Ecologists at RUDN University have discovered that polycyclic aromatic hydrocarbons can be used as pollution indicators and help monitor the movement of pollutants in soils, plants, and water.
The team conducted a large-scale study of a variety of soil, water, and plant samples. As published in a study in the Applied Geochemistry journal, RUDN University ecologists were the first to suggest a model that describes the energy of mass transfer using polycyclic aromatic hydrocarbons, a toxic organic substance that accumulates in the environment.
In this model, polycyclic aromatic hydrocarbons are used as the markers of moving substances. The team used their composition to monitor pollution and track down their sources. To do so, the ecologists calculated the physical and chemical properties of these substances and classified them.
“We developed a model that shows the accumulation, transformation, and migration of polycyclic aromatic hydrocarbons. It is based on quantitative measurements that produce more consistent results than descriptive visualisations. This helped us understand how physical and chemical properties of polycyclic aromatic hydrocarbons determine their accumulation in the environment,” said Professor Aleksander Khaustov, a PhD in Geology and Mineralogy, from the Department of Applied Ecology at RUDN University.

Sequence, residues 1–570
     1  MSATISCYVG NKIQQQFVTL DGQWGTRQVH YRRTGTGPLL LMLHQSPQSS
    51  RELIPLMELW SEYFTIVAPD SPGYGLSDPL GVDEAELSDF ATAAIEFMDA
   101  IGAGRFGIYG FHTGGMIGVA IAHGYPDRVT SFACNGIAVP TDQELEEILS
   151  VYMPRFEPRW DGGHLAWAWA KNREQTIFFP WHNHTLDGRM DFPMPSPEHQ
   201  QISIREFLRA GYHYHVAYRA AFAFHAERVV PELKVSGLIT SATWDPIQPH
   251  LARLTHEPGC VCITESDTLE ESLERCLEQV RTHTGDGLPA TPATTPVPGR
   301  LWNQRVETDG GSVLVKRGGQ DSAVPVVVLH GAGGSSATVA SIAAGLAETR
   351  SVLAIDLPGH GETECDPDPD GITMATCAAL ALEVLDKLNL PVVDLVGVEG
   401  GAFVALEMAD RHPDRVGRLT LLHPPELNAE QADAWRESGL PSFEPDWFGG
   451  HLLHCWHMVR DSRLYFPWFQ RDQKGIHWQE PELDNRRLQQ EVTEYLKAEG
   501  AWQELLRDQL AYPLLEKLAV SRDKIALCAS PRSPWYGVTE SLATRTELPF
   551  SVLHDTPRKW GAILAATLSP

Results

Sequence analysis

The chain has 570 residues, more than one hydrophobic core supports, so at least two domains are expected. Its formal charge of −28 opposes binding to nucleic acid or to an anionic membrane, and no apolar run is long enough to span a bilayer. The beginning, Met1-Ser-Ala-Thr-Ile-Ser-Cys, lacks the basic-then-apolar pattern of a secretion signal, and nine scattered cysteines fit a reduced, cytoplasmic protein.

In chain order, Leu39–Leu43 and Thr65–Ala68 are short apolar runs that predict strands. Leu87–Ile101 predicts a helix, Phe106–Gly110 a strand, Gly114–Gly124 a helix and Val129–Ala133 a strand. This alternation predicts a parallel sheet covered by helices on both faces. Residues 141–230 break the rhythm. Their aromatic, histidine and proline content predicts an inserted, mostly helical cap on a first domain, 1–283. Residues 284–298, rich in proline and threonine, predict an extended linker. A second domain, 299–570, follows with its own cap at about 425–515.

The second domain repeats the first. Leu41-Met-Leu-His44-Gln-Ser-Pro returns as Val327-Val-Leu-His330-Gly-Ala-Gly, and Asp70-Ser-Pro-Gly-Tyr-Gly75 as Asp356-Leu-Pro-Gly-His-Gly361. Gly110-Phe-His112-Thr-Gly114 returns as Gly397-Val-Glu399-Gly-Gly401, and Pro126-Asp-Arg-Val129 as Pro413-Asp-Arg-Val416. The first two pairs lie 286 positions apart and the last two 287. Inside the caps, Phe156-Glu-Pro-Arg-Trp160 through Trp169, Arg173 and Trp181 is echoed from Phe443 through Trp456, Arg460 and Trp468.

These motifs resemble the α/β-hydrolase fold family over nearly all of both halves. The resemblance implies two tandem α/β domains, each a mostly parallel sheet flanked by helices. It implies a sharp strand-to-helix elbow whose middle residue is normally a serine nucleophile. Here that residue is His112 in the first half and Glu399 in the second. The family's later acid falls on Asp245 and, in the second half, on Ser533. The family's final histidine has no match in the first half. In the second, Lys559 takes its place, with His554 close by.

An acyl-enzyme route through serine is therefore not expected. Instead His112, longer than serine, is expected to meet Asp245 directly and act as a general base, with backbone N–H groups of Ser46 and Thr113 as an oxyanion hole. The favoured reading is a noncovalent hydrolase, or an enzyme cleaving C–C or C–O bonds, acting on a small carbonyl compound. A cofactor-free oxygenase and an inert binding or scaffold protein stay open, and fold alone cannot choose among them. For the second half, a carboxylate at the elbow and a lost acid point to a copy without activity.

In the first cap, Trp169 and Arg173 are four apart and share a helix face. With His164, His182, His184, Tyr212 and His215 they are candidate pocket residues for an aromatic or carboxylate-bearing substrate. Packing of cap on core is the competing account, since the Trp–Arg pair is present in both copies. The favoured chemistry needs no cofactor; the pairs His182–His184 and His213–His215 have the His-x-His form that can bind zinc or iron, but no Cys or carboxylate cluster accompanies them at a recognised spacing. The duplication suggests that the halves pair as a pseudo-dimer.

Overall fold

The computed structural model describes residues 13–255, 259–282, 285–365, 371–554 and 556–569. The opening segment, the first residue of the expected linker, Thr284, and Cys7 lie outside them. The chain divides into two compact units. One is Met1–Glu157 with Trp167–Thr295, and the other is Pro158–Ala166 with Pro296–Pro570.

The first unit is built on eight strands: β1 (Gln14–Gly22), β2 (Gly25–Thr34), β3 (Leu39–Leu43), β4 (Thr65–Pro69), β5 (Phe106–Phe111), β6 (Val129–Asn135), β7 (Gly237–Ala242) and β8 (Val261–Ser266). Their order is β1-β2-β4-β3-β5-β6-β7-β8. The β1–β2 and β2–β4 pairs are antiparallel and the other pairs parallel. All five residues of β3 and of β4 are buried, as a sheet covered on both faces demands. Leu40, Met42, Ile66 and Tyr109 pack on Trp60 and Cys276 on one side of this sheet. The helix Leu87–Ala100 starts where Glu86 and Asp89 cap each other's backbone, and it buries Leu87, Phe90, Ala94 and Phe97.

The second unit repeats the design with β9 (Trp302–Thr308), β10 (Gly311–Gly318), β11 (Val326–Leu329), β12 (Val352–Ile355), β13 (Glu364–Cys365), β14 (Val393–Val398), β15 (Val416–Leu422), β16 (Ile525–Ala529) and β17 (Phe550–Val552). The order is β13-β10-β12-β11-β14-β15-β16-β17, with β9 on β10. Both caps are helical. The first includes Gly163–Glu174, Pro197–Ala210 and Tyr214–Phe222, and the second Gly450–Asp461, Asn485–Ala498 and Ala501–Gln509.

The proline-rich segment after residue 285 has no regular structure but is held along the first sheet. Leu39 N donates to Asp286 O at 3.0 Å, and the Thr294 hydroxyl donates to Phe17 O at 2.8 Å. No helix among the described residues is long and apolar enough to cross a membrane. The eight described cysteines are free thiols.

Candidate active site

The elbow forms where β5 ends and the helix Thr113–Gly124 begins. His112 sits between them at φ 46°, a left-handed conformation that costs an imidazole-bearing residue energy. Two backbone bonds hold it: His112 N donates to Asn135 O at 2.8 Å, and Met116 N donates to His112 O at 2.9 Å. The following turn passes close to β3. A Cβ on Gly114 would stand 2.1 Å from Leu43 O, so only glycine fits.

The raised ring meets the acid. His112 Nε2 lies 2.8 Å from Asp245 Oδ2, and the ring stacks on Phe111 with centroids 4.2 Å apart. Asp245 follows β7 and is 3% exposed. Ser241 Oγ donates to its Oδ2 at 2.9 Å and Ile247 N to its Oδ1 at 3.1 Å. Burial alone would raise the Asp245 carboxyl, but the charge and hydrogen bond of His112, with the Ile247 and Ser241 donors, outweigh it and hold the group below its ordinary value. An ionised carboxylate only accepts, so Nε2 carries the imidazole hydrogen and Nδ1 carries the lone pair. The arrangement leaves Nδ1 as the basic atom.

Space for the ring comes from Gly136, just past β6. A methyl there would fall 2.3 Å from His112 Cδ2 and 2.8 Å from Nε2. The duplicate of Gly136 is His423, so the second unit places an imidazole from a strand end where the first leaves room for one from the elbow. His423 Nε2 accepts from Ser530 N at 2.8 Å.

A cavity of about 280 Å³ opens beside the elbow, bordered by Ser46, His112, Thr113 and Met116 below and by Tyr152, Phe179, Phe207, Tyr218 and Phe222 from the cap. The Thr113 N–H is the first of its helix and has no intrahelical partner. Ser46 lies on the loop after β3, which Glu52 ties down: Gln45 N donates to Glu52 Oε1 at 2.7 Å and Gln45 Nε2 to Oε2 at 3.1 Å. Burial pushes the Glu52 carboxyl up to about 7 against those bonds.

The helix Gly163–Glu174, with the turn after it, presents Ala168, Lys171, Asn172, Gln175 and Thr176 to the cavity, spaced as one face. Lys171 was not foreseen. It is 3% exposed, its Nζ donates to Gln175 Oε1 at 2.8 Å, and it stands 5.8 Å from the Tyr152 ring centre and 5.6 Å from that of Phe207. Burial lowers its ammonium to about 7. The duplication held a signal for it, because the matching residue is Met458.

The team studied 142 water, plant, soil, and silt samples from different geographical regions. The team calculated the amount of polycyclic aromatic hydrocarbons in each sample and analysed the data in line with the thermodynamic theory to determine entropy, enthalpy, and Gibbs energy variations.
“Though our samples were not genetically uniform, they allowed us to apply thermodynamic analysis to matter and energy transfer in natural dissipative systems,” added Prof. Aleksander Khaustov.
The team identified several factors that have the biggest impact on hydrocarbon accumulation. For example, in the ecosystems surrounding leather facilities in China, the key factor of the accumulation was entropy variations, while on RUDN University campus it was the changes in Gibbs energy.